We need more hospital beds: Derry GP

I think it’s time the public was made aware of some of the primary reasons for issues associated with A&E (Emergency Department), writes Dr Paul Molloy.

A&E departments across the NHS are busy environments.
A&E departments across the NHS are busy environments.

It’s not wholly the number of patients turning up at ED that is the problem, but that, when they are in ED, they are usually sick and are unable to be moved as there are no beds in hospital wards to move them to. If you can’t move people out, you can’t bring anyone in.

So, for example, if 30 people are waiting, it’s partly because there’s nowhere to see them as all the cubicles in ED are full. If the doctors could free up the rooms the patients in ER are in - by moving them to wards - they could, then, bring in the next group waiting.

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If patients could be seen, assessed and moved on from ED, staff would have capacity to see the patients that are waiting.

There has been a push for years to reduce the number of hospital beds when, in reality, we have increasing numbers of old people getting sick and needing hospital at some stage - hence the need for ongoing realistic increases in hospital beds.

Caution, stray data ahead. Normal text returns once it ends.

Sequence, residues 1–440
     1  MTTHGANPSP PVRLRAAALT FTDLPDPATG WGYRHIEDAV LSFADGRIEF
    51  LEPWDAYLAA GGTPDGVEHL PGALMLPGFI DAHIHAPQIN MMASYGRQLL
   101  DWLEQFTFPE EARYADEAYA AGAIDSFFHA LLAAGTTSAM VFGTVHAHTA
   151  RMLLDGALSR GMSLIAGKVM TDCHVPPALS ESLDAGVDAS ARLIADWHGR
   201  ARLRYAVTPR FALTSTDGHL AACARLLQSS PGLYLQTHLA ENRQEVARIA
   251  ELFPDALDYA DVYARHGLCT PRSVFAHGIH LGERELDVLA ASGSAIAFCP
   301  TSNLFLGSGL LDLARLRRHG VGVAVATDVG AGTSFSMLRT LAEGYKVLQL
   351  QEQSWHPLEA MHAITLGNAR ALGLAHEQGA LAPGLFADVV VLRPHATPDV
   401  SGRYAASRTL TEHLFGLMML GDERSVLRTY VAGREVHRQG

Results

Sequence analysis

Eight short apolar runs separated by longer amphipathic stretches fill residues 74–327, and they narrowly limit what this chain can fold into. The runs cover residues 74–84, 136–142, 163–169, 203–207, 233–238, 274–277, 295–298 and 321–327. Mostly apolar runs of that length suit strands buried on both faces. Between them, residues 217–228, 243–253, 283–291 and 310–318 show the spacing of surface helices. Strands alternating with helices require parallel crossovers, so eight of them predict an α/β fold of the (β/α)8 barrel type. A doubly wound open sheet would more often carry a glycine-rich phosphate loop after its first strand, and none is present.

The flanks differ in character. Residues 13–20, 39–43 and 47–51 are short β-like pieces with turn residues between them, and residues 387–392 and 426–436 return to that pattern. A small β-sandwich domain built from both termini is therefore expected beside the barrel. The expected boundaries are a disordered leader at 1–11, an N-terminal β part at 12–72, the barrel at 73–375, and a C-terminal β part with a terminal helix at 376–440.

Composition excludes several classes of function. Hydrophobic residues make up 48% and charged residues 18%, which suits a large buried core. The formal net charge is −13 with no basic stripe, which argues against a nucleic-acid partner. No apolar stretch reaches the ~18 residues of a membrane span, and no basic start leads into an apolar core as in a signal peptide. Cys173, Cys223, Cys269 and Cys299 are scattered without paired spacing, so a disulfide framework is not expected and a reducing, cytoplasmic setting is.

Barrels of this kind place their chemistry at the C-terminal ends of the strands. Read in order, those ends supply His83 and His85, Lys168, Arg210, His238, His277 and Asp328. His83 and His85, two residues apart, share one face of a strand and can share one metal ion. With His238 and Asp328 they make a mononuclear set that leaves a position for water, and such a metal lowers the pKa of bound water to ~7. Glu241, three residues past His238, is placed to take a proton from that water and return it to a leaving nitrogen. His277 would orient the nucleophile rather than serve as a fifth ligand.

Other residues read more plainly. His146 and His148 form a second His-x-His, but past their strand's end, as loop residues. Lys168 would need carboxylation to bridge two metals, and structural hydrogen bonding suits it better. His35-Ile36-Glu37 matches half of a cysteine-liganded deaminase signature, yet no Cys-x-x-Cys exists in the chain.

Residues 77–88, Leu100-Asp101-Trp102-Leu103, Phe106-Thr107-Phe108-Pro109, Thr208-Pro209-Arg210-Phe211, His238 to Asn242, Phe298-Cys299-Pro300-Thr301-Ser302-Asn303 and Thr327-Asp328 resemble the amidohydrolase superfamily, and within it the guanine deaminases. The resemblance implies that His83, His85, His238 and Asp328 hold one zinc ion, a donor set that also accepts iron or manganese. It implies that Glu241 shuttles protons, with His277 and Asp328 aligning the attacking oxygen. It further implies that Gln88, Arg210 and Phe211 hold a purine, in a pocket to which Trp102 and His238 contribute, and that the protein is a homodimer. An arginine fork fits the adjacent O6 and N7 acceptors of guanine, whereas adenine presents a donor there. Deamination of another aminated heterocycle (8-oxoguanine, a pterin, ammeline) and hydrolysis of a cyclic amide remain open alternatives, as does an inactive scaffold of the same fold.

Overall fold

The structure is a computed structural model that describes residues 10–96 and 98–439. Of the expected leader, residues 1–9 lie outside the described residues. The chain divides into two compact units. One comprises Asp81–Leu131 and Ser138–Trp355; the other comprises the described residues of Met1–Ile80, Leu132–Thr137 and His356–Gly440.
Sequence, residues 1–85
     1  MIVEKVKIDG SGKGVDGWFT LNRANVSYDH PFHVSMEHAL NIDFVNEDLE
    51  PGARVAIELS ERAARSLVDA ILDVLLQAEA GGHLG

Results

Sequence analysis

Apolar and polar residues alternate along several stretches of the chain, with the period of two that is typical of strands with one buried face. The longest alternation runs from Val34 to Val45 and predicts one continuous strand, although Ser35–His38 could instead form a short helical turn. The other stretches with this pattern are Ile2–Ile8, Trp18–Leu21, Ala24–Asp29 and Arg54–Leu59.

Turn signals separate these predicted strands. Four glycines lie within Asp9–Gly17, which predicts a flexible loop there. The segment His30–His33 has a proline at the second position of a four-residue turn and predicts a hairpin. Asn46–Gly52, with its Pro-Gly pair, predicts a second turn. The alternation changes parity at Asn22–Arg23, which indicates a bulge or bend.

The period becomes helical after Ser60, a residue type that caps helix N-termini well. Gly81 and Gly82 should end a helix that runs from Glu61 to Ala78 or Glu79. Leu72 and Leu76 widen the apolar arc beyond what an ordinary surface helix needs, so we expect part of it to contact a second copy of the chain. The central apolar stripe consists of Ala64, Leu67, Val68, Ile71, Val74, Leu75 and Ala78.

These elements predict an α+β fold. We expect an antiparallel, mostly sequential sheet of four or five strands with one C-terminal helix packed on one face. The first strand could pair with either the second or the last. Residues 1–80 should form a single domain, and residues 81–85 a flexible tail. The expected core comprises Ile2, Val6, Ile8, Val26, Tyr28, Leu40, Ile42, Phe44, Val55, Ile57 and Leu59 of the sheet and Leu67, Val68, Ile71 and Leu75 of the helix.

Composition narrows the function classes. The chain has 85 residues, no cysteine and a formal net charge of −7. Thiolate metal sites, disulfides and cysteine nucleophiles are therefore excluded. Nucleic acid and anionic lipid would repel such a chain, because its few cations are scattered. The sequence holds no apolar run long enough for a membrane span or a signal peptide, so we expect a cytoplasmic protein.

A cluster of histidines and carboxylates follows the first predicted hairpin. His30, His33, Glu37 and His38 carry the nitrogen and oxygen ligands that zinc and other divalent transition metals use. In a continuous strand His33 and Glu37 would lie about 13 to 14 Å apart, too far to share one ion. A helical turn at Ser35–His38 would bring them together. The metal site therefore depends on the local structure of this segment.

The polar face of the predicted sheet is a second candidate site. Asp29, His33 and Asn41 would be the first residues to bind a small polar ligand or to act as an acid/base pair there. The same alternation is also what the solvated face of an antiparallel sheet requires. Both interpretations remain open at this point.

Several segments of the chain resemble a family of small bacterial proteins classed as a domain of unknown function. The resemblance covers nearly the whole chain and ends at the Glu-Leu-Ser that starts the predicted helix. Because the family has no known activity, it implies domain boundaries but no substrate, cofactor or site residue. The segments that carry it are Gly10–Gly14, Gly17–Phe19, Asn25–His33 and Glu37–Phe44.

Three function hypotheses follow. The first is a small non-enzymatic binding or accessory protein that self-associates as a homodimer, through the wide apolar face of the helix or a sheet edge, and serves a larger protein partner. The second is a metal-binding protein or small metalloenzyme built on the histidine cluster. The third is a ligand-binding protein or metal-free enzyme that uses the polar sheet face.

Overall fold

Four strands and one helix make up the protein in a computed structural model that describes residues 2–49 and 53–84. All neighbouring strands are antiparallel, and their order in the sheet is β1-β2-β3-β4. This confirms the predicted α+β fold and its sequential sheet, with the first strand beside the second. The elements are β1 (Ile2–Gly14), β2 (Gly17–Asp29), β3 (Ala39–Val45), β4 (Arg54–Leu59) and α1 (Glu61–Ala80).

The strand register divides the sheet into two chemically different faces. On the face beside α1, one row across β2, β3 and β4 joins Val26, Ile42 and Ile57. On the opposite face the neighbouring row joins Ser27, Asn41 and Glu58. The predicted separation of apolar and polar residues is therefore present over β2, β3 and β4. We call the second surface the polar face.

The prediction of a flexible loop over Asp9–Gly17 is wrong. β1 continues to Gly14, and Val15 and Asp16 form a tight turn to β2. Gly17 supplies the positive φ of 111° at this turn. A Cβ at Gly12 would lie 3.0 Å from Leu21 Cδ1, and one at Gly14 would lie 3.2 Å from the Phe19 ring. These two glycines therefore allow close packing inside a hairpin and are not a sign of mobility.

About 10 years ago, GPs were able to admit a patient directly to a ward. Then we were no longer able to and, when we wanted to admit someone, we were told to send them to A&E (ED).

While I appreciate GP surgeries obviously have access issues, as evidenced by what I’m told, and there are reasons for that (workforce etc.), it is important the public realise that GPs are not the reason that waiting times at ED are very long. The real reason is, as stated, they can’t move sick patients out of ED into hospital beds or care home beds due to a lack of these and, as such, there isn’t anywhere in ED to see patients as everything backs up.

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Sort out how to get people out of ED once the medical team has decided on the treatment they need, and that will help resolve the waiting times. That’s the problem, however. It just seems that sorting that out is too difficult or too expensive.

I have no doubt our hospital colleagues are working under extreme pressure and they want to deliver a more responsive service. There’s no doubt more staff and funding would help - but we still need to solve the way out of ED.

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We have been hammering away for years at reducing the numbers going to ED and making sure they go to the right place, but it’s clear that it’s not going to make a big enough difference without acknowledging the need for more hospital beds or places to treat patients after they leave ED and before they are fit to go home.

I would also like to stress that I support my hospital colleagues in any way possible.

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Paul Molloy is a GP working in Derry.